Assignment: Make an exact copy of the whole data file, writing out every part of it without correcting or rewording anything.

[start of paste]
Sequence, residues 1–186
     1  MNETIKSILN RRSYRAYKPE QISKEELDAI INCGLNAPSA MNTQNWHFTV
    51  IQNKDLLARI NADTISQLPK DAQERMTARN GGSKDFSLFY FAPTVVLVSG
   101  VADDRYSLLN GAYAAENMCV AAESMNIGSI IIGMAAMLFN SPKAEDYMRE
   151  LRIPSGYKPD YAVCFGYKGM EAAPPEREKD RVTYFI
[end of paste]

Sequence, residues 1–186
     1  MNETIKSILN RRSYRAYKPE QISKEELDAI INCGLNAPSA MNTQNWHFTV
    51  IQNKDLLARI NADTISQLPK DAQERMTARN GGSKDFSLFY FAPTVVLVSG
   101  VADDRYSLLN GAYAAENMCV AAESMNIGSI IIGMAAMLFN SPKAEDYMRE
   151  LRIPSGYKPD YAVCFGYKGM EAAPPEREKD RVTYFI